Taking the Confusion Out of Credit Scores and Reports
Many things in your life can be affected by your credit score and your credit history. Everything from buying a car, renting an apartment, looking for a new house, or even dealing with an emergency will be impacted by how you’ve handled your credit in the past.
When a creditor pulls your report, whatever is on that report will contribute to the amount of credit you can access, how much it will cost you, and how high your interest payments will be. Applying for too many credit cards at one time, failing to make payments on time (or at all), and filing bankruptcy, can restrict your access to credit when you need it. Additionally, negative marks can remain on your credit report for over six years – affecting you for years to come.
Here are some things to keep in mind when it comes to managing your credit responsibly.
The Factors That Influence Your Credit Score
This important three-digit number will determine many things in your life. Generally, credit scores will range somewhere between 300 and 850 and the higher it is, the better. This number is based on your credit history and is considered a marker of your “creditworthiness.” Lenders look at this number to determine how risky it is to lend you credit and how likely you are to pay it back.
Some common things that influence your credit score include:
- Negative marks. Any derogatory marks on your credit report from late or delinquent payments will play into the lender’s decision to provide you credit as well as your credit score.
- Payment history. Lenders will check to make sure that you make your payments on time. Additionally, they will look to see what kind of payments you make. If you just pay the minimum balance every time, a lender may see you as more of a risk than someone who pays larger chunks. Sometimes even their whole balance – all at once.
- How many credit accounts you already have. Typically, if you have tons of open credit accounts, this can affect your credit score.
- Credit history length. The length of time you’ve been using credit will contribute to your overall credit score.
- How many inquiries you’ve had recently. Having many lenders look at your credit score – especially over a short amount of time – can take your score down several points.
Your Credit Report
Your credit report and your credit score are two different things. The credit report has your credit score on it, but it also has additional information such as your name, date of birth, employment status, address, and phone number. It gives a detailed snapshot of your credit accounts – both opened and closed. This is where potential lenders can see negative marks and other information such as your payment history and bankruptcy status.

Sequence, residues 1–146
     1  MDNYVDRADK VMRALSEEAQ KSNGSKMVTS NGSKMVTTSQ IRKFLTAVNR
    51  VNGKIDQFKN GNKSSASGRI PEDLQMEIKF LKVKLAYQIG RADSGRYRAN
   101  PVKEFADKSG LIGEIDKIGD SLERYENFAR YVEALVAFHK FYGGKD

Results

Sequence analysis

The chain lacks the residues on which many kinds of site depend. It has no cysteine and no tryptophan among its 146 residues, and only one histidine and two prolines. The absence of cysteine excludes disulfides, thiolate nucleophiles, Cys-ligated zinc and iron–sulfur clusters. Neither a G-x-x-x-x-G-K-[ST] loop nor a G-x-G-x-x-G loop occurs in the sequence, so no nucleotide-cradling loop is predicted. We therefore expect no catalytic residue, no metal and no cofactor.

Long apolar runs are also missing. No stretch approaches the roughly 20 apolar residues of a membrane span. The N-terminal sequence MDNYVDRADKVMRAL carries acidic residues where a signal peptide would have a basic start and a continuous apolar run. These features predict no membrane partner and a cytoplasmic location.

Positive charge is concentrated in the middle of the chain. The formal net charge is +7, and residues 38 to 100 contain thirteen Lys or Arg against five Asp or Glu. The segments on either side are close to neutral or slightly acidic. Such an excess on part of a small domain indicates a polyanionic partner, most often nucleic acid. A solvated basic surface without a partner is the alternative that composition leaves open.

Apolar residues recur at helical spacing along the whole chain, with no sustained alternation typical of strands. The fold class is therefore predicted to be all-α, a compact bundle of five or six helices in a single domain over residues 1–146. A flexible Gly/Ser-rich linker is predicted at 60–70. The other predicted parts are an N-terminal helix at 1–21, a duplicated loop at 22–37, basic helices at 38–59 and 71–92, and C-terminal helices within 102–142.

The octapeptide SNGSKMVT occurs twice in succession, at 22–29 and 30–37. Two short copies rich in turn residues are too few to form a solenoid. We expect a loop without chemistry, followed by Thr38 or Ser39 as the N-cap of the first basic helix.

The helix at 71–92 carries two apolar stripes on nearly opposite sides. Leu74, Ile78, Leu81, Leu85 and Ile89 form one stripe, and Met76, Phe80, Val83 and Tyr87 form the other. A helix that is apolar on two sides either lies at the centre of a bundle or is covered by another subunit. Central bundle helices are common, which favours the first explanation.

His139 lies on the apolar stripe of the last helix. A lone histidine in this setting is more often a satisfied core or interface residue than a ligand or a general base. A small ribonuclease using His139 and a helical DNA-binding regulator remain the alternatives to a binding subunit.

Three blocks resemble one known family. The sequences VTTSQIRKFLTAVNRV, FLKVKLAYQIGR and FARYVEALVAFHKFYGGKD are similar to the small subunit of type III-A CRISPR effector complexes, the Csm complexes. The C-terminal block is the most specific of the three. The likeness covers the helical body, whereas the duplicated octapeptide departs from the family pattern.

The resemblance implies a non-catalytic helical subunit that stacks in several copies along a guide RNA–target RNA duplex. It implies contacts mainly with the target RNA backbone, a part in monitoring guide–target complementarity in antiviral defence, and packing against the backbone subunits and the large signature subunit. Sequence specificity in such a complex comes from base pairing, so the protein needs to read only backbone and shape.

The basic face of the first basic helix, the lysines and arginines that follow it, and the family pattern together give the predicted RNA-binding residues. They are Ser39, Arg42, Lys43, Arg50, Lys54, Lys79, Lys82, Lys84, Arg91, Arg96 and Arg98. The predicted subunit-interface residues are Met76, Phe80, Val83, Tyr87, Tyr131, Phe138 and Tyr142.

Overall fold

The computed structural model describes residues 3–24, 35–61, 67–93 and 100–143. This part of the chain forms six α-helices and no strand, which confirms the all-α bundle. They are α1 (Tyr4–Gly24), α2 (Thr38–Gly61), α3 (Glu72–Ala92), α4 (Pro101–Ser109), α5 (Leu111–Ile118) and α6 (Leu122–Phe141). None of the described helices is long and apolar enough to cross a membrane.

Managing Your Credit Score and Report
Experian, TransUnion, and Equifax are the three major credit agencies. You can pull your own report for free once every year from each of these agencies. Additionally, companies are required to send you a report if you have been denied credit so that you can determine why. While many people think it counts against them if they check their own credit, that’s not true.
There are times where mistakes are found on your credit report, so it’s important to make sure that these agencies have the correct information. If you do find something that’s incorrect on there, you can dispute the information. You can find information on each of these agencies’ websites telling you how to go about disputing incorrect information on your report. Once they have received your complaint, they legally only have 30 days to investigate the claim. If you haven’t heard back from them within this time frame, make sure to contact them again.
Another way you can manage your credit score effectively is to make your payments on time. If you consistently make late payments or forget to pay your bill. This will show up on your credit report and can deter other lenders from providing you credit. It’s also a good idea to limit the amount of credit you apply for at once. While it may seem like a good idea to apply for several different cards in case you are denied by a couple, this can be a red flag for companies and they may choose not to give you access to credit as a result.
How to Improve Your Credit Score
If you find yourself in a situation where you need to repair your credit history. There are several things you can do to achieve a higher score. If you are late on any of your payments, the first step is to catch up so that your account is in good standing. It’s also a great idea to pay off as many credit cards as you can. Creditors assess the percentage of your available credit that is used up. That means if you have all of your credit cards maxed out, this can lead to a low credit score. It’s generally a good rule of thumb to only utilize 30%-35% of your total available credit. Not only will this help your credit score, but it actually will help if you have an expensive emergency that requires you to use more credit.
Not everyone can pay down all of their cards all at once, however. If this is the case, it’s a good idea to just focus on paying down your credit cards as soon as possible. Remember not to close them once you have paid them off, however. This can cause your credit score to drop for several reasons. It can increase the percentage of credit that you’re utilizing relative to the amount available. Additionally, your length of credit history is determined by the oldest card you have open. It’s usually considered best practice to leave open the card you’ve had the longest, even if you aren’t using it.
When it comes down to it, managing your credit report and credit score isn’t as difficult as it may seem. Knowing how to read your credit report and how to use credit cards responsibly will go a long way towards helping you achieve or keep a good credit score.